source >>

The Privatization of God

Blaise Pascal first explained his wager in Pen...

Image via Wikipedia

The Privatization of God

by Jorge Majfud

The University of Georgia

Custom-made for the consumer

In the 17th century, the mathematics genius Blaise Pascal wrote that men never do evil with greater pleasure than when they do it with religious conviction. This idea – from a deeply religious man – has taken a variety of different forms since. During the last century, the greatest crimes against humanity were promoted, with pride and passion, in the name of Progress, of Justice and of Freedom. In the name of Love, Puritans and moralists organized hatred, oppression and humiliation; in the name of Life, leaders and prophets spilled death over vast regions of the planet. Presently, God has come to be the main excuse for excercises in hate and death, hiding political ambitions, earthly and infernal interests behind sacred invocations. In this way, by reducing each tragedy on the planet to the millenarian and simplified tradition of the struggle between Good and Evil, of God against the Devil, hatred, violence and death are legitimated. There is no other way to explain how men and women are inclined to pray with fanatical pride and hypocritical humility, as if they were pure angels, models of morality, all the while hiding gunpowder in their clothing, or a check made out to death. And if the leaders are aware of the fraud, their subjects are no less responsible for being stupid, no less culpable for their criminal metaphysical convictions, in the name of God and Morality – when not in the name of a race, of a culture – and from a long tradition, recently on exhibit, custom-fit to the latest in hatred and ambition.

Empire of the simplifications

Yes, we can believe in the people. We can believe that they are capable of the most astounding creations – as will be one day their own liberation – and also of incommensurable stupidities, these latter always concealed by a complacent and self-interested discourse that manages to nullify criticism and any challenge to bad conscience. But, how did we come to such criminal negligence? Where does so much pride come from in a world where violence grows daily and more and more people claim to have heard the voice of God?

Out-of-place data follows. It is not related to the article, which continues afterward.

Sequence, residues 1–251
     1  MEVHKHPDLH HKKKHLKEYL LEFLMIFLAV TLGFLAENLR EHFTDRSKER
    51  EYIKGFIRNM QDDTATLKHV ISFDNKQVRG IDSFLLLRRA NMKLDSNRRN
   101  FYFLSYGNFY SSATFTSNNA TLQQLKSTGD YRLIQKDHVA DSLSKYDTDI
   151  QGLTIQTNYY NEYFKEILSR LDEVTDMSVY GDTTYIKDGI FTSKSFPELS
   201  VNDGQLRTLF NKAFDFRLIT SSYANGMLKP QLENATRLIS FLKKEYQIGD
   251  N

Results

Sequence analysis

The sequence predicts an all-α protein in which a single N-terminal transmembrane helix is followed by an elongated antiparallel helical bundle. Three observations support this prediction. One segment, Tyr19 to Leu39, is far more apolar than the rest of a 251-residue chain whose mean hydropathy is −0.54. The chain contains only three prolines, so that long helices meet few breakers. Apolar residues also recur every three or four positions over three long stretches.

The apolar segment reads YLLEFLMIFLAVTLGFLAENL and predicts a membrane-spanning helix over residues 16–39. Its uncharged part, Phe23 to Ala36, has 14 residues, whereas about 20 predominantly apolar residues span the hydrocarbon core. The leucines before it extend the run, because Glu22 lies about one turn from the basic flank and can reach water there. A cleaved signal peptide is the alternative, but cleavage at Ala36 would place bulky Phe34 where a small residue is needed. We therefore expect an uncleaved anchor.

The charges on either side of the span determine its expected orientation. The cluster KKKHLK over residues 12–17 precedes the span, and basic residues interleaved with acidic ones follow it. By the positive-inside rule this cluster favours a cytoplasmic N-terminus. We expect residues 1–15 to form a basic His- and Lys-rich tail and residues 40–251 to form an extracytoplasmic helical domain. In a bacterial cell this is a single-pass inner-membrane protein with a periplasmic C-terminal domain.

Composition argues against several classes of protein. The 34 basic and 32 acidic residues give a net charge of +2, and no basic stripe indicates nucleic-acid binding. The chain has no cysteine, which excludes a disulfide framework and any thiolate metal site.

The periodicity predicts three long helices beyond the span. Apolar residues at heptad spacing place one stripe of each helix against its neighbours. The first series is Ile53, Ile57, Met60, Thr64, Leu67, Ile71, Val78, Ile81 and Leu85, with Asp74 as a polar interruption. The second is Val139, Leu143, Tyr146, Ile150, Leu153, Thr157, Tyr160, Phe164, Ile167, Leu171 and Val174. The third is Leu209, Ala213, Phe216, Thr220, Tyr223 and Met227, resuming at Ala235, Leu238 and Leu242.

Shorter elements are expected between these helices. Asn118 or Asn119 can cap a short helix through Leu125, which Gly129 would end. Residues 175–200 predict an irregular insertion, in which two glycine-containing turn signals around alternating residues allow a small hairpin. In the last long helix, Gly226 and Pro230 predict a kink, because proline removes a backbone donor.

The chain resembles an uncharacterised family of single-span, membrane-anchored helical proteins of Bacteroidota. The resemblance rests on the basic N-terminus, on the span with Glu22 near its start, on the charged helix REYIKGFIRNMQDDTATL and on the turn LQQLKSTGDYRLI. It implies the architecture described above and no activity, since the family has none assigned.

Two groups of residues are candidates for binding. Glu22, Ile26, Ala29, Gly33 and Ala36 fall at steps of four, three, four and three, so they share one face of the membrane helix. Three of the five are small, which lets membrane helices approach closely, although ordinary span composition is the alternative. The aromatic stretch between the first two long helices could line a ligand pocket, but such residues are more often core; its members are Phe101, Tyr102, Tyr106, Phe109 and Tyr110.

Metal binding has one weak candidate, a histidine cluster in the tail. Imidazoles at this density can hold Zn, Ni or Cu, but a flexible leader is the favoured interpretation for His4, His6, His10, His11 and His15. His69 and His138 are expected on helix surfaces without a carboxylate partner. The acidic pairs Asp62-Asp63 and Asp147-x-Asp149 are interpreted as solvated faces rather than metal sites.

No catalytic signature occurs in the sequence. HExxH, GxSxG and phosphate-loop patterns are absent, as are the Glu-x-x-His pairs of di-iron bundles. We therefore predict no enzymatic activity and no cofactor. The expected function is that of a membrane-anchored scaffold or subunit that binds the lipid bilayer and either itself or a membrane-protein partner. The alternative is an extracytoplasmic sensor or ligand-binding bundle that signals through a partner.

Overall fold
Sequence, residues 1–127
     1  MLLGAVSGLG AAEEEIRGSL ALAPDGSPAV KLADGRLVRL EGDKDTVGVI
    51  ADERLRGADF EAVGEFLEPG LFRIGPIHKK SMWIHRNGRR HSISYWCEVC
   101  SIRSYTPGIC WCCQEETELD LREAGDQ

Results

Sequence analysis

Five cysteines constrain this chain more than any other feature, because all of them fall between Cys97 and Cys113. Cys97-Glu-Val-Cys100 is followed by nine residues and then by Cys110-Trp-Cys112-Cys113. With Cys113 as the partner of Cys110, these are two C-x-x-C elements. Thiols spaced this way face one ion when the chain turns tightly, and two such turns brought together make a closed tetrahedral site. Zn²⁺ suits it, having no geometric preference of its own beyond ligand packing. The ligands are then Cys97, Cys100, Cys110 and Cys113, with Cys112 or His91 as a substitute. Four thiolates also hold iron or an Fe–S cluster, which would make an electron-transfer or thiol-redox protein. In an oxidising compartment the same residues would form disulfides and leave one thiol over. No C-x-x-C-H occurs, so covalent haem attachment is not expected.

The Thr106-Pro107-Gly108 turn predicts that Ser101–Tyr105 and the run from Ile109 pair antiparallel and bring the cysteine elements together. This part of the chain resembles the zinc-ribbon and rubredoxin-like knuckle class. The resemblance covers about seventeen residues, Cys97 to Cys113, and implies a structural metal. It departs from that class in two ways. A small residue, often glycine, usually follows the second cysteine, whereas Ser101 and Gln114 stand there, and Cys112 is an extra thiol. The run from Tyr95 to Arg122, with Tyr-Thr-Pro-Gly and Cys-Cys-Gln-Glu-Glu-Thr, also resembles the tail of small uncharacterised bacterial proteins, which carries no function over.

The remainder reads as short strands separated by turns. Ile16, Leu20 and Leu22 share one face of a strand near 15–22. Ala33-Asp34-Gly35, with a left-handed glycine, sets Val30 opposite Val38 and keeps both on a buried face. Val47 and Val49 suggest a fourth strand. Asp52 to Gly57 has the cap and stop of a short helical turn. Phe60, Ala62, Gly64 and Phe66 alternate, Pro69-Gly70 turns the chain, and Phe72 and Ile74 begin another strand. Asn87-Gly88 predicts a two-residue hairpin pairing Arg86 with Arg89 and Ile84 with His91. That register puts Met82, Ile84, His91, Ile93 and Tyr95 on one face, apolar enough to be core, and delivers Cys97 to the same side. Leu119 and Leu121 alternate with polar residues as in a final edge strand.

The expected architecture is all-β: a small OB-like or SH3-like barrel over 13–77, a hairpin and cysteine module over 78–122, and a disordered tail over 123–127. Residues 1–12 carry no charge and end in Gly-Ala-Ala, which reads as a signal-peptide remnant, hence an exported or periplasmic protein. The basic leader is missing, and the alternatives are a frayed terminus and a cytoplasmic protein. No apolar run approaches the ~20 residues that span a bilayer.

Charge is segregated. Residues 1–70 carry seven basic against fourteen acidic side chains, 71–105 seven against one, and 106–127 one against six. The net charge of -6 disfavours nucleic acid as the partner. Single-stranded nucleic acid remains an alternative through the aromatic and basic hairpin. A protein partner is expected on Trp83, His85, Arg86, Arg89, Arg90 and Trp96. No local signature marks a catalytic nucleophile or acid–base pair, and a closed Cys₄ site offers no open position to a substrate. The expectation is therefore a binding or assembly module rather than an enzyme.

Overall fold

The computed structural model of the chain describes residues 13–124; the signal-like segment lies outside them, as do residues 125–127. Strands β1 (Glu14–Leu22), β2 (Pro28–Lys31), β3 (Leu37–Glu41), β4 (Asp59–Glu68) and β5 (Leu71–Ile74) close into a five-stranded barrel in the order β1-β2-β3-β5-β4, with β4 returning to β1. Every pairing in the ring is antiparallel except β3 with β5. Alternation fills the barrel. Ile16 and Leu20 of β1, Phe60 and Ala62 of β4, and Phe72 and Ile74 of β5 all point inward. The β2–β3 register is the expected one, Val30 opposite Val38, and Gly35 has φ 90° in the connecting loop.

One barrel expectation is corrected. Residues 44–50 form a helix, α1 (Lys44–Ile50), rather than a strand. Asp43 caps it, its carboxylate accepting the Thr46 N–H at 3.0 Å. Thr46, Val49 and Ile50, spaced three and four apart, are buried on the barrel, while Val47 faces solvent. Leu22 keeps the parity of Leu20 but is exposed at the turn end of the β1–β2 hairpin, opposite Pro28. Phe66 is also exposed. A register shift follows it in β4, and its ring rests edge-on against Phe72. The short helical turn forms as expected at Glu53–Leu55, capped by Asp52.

Political history demonstrates that a simplification is more powerful and better received by the vast majority of a society than is a problematization. For a politician or for a spiritual leader, for example, it is a show of weakness to admit that reality is complex. If one’s adversary expunges from a problem all of its contradictions and presents it to the public as a struggle between Good and Evil, the adversary undoubtedly is more likely to triumph. In the final analysis, the primary lesson of our time is grounded in commercial advertising or in permissive submission: we elect and we buy that which solves our problems for us, quickly and cheaply, even though the problem might be created by the solution, and even though the problem might continue to be real while the solution is never more than virtual. Nonetheless, a simplification does not eliminate the complexity of the problem in question, but rather, on the contrary, produces greater problems, and sometimes tragic consequences. Denying a disease does not cure it; it makes it worse.

Why don’t we talk about why?

Let’s try now to problematize some social phenomenon. Undoubtedly, we will not plumb the full depths of its complexity, but we can get an idea of the degree of simplification with which it is treated on a daily basis, and not always innocently.

Let’s start with a brief example. Consider the case of a man who rapes and kills a young girl. I take this example not only because it is, along with torture, one of the most abhorrent crimes imaginable, but because it represents a common criminal practice in all societies, even those that boast of their special moral virtues.